While ground and lower-level winds were conducive for launch, winds in the stratosphere were not. A counter-clockwise flowing eddy has developed to the west of New Zealand’s North Island. Forecast models had the balloon launching from Wanaka and then traveling north bisecting the South Island before eventually getting caught up in the light and variable winds of the eddy. Ideally, an eastward trajectory after lift-off is preferred, though not necessarily required.

“Had the forecast stratospheric models pushed the balloon further west—not unlike what we saw in our 2016 launch—we would have seriously considered moving forward with our launch attempt,” said Gabe Garde, NASA’s mission manager for the balloon launch. “Unfortunately, there’s too much uncertainty in the final trajectory forecast given the nearby eddy pattern in the stratosphere. More opportunities will present themselves as we continue to move forward in the campaign.”

NASA will announce by 2 p.m. Saturday, April 8, whether or not Sunday’s weather will support a launch attempt.

Launch Attempt Scheduled for Super Pressure Balloon

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COSI Launch

The Compton Spectrometer and Imager (COSI) payload just prior to launch from Wanaka, New Zealand, on a NASA super pressure balloon in May 2016. (NASA/Bill Rodman)

NASA is targeting Saturday, April 8 (Friday, April 7 in Eastern Time), to conduct a super pressure balloon (SPB) test flight launching from Wanaka Airport, New Zealand, on a potential 100-day journey.

NASA will begin flight preparations in the early morning hours Saturday and will continue to evaluate real-time and forecast weather conditions throughout the morning. If weather is conducive for launch, lift-off is scheduled between 8 and 11:30 a.m. locally (between 4 and 7:30 p.m. EDT Friday, April 7).

“At this time, the weather at the ground and lower levels looks very good for a Saturday launch attempt,” said Gabe Garde, mission manager for the 2017 Wanaka Balloon Campaign. “However, we continue to evaluate the forecast stratospheric winds and predicted flight trajectory to ensure conditions are acceptable before launch.”

The launch can be tracked in the following ways:

• A live feed of the launch is available here: http://www.ustream.tv/channel/nasa-csbf-downrange-operations
• Track the progress of the flight at the following link, which includes a map showing the balloon’s real-time location, at: http://www.csbf.nasa.gov/newzealand/wanaka.htm
• For mission status updates follow NASA’s Wallops Flight Facility social media accounts: www.facebook.com/NASAWFF and www.twitter.com/NASA_Wallops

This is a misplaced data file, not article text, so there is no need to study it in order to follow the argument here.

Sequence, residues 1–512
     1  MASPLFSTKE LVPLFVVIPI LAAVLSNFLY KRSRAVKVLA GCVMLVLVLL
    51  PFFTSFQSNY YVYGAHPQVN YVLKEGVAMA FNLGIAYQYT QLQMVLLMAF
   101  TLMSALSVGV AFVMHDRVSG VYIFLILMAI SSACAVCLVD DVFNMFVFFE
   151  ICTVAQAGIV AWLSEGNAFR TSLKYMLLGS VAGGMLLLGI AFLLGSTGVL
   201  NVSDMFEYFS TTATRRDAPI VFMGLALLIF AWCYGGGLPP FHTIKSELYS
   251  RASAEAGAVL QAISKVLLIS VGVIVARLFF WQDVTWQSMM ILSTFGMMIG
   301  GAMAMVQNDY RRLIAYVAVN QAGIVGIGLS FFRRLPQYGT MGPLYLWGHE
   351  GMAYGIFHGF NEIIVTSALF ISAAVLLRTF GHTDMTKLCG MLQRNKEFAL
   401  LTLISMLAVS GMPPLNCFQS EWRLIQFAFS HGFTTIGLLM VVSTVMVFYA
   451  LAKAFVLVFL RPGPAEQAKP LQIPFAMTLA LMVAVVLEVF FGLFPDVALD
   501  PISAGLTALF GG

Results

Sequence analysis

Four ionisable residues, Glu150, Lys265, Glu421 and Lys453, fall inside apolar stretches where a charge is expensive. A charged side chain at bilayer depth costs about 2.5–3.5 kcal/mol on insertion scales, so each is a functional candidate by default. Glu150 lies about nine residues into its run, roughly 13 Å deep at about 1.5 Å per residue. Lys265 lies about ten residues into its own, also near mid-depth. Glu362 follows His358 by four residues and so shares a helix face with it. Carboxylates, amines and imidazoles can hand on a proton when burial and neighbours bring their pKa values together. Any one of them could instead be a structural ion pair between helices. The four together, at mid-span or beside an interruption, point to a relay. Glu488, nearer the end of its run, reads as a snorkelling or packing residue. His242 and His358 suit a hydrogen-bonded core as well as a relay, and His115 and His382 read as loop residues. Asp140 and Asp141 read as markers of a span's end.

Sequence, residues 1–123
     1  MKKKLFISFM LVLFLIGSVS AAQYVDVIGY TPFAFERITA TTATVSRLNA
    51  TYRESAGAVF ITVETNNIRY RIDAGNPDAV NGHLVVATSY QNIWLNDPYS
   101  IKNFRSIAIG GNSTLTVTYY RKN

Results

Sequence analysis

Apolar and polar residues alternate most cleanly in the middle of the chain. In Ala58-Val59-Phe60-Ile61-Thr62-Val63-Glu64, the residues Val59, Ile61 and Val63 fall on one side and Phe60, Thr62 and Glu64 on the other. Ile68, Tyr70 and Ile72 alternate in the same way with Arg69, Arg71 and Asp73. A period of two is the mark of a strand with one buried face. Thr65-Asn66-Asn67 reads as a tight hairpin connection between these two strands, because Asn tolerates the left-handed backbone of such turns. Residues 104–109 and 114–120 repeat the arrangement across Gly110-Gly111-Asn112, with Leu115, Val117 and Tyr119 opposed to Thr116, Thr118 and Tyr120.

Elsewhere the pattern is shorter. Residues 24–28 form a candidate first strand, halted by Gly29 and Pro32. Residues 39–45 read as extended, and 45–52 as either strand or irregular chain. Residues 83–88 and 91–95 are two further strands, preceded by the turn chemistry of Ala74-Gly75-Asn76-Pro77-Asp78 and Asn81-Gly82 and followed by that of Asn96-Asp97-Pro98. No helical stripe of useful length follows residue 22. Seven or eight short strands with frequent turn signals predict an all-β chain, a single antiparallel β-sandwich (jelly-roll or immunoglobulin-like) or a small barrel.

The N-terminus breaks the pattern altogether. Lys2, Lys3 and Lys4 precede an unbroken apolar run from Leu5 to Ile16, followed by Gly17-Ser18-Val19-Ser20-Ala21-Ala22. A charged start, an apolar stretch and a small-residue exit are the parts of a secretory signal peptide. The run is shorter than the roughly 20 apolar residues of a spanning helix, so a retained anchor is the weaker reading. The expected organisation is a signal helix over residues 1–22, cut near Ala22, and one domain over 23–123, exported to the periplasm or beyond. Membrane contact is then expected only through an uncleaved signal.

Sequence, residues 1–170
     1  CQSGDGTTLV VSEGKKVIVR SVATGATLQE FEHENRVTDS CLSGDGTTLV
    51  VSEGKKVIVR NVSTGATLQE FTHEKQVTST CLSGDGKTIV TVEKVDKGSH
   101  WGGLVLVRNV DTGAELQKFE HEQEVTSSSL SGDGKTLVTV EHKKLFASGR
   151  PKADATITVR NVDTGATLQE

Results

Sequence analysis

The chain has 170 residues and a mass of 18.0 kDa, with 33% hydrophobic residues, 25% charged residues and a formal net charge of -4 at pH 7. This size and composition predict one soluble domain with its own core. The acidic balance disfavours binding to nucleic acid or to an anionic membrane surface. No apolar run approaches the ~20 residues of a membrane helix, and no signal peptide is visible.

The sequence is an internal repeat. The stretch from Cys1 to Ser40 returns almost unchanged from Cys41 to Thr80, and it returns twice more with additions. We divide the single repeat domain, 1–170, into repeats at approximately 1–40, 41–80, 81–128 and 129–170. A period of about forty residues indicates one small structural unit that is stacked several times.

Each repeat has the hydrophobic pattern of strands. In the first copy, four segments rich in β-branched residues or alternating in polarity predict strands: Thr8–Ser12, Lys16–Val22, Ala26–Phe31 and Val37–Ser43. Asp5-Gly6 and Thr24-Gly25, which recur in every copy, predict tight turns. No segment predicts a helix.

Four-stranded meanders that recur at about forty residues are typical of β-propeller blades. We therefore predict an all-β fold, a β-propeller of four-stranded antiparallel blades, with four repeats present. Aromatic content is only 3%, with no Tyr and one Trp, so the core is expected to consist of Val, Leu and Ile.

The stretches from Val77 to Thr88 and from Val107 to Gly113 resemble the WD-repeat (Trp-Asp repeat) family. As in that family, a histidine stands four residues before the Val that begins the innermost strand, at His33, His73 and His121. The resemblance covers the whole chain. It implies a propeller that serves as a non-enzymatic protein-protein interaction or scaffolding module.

‘Seal Team 6’: Constructing a Super Pressure Balloon

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SPB construction

Balloon fabricators at Raven Aerostar’s Sulphur Springs, Texas, manufacturing facility reposition balloon material during super pressure balloon construction.

As the latest super pressure balloon (SPB) prepares to lift off from New Zealand, carrying the Extreme Universe Space Observatory-SPB (EUSO-SPB) payload, one may reflect back on how this balloon, the 6th iteration in the current model of long duration balloons, came to be and what goes into its construction — acres and acres of plastic film, miles of load-bearing strength members, platforms for electronics, and suspension points for payloads, to name a few.

The raw materials and design are only part of it. A balloon of this size cannot simply ‘walk into Mordor,’ i.e. construction is a difficult task that involves hundreds of film segments. It requires a “seal team”—a primary team of six assemblers from Raven Aerostar, NASA’s balloon partner, to shape multiple segments of film into a vehicle that will function at a near constant 33 km altitude, well into the stratosphere, over long durations of day and night cycles.

Two Raven Aerostar assemblers are dedicated to operating the equipment necessary for heat-sealing each of the hundreds of segments together, integrally combing these segments with strength bearing components as they walk along, producing miles and miles of seals. A third assembler supports the first two, ensuring a first-class quality heat seal has been made.

Two more assemblers man the top and bottom of each balloon segment, dispensing materials and optimally positioning items prior to heat seal creation. The final member is responsible for sorting and arranging the massive heaps of balloon material that accumulates during the course of construction. Balloon creation is truly a team effort, with each of these six members performing numerous tasks, filling in the gaps in an intricate dance of sorts while each balloon segment is created.

The Raven Aerostar team

The Raven Aerostar Super Pressure Balloon Team.

Every great team has a supporting cast as well, and this is no different. Other Raven Aerostar members are responsible for fabricating and conditioning the balloon strength members, ensuring quality film goes into the balloon and providing direction on balloon design. All of this is done in conjunction with the broader NASA and Columbia Scientific Balloon Facility (CSBF) team, ensuring that what is constructed at Raven Aerostar has the best chance of meeting performance and operational requirements for each test flight.

“As a design engineer who also operates in the field for launch and recovery operations, I have personally had the opportunity to follow the last few super pressure balloons from design phase through fabrication, flight, and termination,” said Raven Aerostar’s Daniel Scheiber, who’s on-site in Wanaka, New Zealand, for the 2017 SPB launch. “It is remarkable what these balloons are capable of, and the scientific missions these giant balloons can support in the future has great potential. Our super pressure balloons provide access to near-space environments for fractions of what it would otherwise cost, and serve as platforms for scientific payloads to mature prior to making the trip to the International Space Station (ISS) and beyond.”

Contributed by Dan Scheiber, Raven Aerostar